Dying Matters report Britons uncomfortable discussing bereavement

December 10, 2014   //   No Comments

Almost half of Britons (47%) say they would feel uncomfortable talking to someone who has been recently bereaved and significant numbers of bereaved people have experienced negative reactions to their grief, including people avoiding them and the loss of friendships according to a new study released by the Dying Matters Coalition.

Today’s ComRes research, released to coincide with the launch of ‘Being there’, a new Dying Matters campaign to support people with what to say and do after someone has been bereaved including over the Christmas period, finds that talking about bereavement remains a taboo for many people in Britain.  Although the majority of people surveyed (72%) knew someone who had been recently bereaved, one in four (26%) reported that they had not known what to say to them, and 40% only talked about it if the person who had been bereaved mentioned it first. One in ten (9%) said they had avoided talking about it with them and 4% said they had deliberately avoided seeing them.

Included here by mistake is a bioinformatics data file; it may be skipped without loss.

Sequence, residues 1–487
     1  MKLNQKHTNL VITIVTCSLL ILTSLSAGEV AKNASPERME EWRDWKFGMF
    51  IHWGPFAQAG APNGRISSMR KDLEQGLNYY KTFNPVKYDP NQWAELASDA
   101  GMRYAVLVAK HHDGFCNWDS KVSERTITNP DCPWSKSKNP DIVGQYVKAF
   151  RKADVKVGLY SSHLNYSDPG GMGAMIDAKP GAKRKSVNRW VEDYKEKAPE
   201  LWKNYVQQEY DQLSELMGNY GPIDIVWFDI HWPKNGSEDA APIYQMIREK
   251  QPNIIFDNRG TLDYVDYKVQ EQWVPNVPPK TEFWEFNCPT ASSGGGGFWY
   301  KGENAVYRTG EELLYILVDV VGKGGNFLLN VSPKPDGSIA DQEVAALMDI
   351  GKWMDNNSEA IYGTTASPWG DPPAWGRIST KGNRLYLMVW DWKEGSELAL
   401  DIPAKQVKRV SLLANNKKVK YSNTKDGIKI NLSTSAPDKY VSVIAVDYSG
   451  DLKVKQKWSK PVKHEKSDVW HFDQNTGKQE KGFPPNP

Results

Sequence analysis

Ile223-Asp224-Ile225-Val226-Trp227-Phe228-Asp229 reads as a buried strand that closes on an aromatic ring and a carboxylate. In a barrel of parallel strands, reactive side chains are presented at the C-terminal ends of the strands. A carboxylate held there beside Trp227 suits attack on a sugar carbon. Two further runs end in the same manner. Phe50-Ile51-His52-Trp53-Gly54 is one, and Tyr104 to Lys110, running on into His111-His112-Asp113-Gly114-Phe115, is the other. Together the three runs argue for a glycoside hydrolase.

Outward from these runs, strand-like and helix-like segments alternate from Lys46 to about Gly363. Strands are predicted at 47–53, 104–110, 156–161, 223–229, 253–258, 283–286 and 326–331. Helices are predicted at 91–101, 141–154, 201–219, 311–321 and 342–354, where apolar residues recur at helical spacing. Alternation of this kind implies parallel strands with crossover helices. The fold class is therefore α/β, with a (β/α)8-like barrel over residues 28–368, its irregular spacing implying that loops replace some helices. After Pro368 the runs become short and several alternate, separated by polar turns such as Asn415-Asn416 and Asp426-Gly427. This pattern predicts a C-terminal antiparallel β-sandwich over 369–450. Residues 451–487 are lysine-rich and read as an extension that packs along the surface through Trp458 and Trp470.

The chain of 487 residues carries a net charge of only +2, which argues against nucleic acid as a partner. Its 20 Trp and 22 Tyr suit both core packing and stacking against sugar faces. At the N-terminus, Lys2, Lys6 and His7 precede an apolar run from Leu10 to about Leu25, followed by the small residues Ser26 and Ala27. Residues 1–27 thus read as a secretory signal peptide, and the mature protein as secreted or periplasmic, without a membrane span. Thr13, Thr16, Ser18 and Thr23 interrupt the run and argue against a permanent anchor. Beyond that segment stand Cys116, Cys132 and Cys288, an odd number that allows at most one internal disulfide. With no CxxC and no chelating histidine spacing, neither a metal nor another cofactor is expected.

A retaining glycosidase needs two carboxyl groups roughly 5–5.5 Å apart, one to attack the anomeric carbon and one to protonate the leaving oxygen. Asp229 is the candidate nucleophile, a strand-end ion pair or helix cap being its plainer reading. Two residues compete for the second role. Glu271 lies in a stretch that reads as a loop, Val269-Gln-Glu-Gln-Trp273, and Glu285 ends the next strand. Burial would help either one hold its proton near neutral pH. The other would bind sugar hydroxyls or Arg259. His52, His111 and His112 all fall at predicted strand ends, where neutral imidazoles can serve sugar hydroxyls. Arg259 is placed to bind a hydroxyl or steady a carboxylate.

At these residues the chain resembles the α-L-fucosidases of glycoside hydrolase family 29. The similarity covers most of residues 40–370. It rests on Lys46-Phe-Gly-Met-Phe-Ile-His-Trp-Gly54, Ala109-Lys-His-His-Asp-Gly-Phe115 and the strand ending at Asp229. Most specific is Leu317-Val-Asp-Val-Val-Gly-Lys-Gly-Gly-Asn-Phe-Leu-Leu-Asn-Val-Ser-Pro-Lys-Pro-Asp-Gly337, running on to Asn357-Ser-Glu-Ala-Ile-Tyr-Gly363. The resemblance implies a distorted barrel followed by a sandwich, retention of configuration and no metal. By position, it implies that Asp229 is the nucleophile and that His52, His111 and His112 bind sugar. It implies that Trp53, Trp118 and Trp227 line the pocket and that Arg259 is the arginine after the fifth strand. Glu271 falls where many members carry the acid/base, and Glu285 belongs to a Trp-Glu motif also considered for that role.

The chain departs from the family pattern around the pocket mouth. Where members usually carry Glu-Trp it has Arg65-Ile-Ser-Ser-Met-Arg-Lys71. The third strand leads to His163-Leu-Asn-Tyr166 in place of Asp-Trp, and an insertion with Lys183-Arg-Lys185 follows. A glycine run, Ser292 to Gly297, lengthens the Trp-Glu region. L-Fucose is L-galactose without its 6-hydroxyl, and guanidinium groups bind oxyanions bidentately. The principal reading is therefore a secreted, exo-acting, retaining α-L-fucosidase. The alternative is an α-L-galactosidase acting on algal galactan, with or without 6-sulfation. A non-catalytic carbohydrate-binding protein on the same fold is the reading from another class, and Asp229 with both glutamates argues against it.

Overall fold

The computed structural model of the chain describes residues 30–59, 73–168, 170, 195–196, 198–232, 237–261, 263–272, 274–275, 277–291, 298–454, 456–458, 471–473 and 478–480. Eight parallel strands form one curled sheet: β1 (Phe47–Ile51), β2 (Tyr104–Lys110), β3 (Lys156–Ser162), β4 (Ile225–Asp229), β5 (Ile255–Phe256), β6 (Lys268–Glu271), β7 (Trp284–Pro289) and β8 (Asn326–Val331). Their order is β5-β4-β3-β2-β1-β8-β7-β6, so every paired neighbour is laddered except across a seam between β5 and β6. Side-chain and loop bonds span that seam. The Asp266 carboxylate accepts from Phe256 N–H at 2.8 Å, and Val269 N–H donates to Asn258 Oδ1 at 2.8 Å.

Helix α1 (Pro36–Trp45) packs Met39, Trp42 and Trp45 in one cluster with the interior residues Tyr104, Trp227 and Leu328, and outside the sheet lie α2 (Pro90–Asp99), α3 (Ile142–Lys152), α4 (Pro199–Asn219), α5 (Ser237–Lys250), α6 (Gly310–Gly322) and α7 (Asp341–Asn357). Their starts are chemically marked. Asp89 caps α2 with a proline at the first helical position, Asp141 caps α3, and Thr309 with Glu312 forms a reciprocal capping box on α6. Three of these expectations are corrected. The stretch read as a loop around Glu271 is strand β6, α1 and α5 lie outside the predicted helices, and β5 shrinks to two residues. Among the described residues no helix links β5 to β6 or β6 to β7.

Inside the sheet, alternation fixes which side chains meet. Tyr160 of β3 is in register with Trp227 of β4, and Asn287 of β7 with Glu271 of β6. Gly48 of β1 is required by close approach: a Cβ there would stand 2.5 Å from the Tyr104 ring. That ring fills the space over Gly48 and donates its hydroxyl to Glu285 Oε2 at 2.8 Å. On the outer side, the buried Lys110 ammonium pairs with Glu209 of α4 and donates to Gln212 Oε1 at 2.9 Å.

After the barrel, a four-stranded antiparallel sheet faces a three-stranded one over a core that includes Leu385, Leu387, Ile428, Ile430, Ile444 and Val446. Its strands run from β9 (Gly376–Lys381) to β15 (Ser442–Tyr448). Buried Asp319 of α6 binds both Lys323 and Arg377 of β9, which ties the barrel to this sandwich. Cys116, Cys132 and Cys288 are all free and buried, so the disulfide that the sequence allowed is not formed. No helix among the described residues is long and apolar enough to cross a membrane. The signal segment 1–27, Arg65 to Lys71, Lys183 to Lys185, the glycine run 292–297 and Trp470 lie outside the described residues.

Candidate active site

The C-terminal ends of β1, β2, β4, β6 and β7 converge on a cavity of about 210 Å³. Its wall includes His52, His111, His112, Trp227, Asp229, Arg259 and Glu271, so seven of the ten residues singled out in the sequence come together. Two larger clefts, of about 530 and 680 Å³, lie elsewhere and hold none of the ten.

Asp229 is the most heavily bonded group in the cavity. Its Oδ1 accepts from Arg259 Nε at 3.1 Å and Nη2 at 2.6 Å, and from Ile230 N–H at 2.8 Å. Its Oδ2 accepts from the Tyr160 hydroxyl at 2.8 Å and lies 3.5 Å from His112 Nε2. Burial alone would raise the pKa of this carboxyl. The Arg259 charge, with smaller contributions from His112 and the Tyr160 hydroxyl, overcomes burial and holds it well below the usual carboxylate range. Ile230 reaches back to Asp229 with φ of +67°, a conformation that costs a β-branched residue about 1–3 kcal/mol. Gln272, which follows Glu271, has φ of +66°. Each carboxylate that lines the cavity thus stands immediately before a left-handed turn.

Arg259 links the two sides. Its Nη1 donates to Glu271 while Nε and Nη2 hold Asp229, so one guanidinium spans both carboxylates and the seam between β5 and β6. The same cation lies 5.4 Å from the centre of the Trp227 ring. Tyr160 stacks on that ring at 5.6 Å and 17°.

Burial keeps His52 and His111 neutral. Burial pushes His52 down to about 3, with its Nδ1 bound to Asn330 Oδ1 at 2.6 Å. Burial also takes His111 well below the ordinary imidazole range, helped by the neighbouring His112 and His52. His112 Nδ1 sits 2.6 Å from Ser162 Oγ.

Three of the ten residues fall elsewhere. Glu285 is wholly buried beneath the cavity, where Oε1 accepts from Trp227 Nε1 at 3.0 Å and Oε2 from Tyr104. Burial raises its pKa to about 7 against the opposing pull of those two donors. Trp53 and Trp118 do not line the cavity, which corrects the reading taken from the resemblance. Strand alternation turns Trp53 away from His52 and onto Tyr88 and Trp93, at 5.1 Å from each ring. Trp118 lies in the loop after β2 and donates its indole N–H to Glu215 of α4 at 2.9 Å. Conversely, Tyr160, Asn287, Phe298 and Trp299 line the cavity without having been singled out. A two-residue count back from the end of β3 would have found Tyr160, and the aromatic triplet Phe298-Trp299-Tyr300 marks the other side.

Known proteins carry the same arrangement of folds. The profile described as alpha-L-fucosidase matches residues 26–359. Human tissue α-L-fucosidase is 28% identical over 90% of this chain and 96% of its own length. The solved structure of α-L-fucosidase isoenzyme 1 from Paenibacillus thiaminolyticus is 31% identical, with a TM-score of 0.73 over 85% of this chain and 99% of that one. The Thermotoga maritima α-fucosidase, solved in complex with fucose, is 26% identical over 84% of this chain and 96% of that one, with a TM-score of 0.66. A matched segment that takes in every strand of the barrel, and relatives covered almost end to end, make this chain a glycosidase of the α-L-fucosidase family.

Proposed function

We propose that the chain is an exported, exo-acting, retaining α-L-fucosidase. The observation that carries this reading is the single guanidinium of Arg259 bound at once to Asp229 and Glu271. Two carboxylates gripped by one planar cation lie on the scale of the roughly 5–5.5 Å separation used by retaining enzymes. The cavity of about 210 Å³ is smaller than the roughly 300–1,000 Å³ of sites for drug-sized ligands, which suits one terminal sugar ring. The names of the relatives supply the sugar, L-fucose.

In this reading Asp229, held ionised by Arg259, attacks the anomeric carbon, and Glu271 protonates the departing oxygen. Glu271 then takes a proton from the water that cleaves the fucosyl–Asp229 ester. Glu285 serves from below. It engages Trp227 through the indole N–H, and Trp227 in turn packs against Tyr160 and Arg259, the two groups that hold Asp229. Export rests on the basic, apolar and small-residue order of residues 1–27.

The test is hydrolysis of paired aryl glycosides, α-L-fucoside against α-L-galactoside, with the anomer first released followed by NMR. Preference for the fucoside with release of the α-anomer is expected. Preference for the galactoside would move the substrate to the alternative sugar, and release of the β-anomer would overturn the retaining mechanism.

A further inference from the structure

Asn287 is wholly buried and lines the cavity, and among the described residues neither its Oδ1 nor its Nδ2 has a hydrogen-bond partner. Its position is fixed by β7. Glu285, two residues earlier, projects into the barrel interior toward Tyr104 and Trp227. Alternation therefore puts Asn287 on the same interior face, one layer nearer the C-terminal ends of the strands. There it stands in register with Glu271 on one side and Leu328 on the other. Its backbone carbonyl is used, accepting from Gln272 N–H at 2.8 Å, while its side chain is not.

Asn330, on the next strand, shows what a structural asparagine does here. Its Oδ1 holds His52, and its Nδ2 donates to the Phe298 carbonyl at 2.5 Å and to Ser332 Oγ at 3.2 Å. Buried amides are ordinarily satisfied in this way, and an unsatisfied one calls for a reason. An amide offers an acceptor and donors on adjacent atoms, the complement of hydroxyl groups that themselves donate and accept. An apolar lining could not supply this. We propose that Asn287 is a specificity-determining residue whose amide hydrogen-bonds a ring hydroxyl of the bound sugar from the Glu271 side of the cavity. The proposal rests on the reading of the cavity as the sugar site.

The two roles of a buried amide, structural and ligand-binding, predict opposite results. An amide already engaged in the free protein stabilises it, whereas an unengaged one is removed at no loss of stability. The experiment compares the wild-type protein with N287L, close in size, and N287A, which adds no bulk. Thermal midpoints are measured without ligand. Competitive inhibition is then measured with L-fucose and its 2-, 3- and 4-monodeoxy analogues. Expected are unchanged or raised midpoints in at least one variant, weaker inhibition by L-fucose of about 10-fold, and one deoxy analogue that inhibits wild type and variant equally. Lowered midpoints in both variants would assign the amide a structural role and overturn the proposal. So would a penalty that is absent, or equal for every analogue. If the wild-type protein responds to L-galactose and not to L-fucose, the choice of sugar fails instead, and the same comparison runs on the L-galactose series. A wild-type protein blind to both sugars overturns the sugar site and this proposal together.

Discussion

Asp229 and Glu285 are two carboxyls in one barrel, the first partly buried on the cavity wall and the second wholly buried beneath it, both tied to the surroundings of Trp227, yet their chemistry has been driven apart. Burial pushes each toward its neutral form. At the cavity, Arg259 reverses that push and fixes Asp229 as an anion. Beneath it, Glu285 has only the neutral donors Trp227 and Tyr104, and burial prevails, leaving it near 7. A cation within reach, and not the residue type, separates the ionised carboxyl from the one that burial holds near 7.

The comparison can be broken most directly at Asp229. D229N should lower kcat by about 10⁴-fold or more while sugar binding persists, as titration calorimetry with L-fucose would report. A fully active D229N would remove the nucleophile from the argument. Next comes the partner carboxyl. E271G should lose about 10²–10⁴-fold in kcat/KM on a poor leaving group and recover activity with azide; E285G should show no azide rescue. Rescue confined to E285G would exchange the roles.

The survey also found that the vast majority (84%) of those who have been bereaved in the past five years thought that people in Britain are uncomfortable talking to those who have recently been bereaved. Seven in ten of people who had been bereaved said talking about their loss helped them feel better, but one in five (21%) said they wanted to talk but could not find anyone to listen, and four in ten (43%) said that they tried not to talk about their loss as they didn’t want to upset anyone.

The findings come at what for many bereaved people can be an especially upsetting time. Almost half of those (45%) who have been bereaved in the past five years said that since somebody close to them died, Christmas has been a particularly difficult time of year.

The Dying Matters leaflet ‘Being There’ may be viewed here.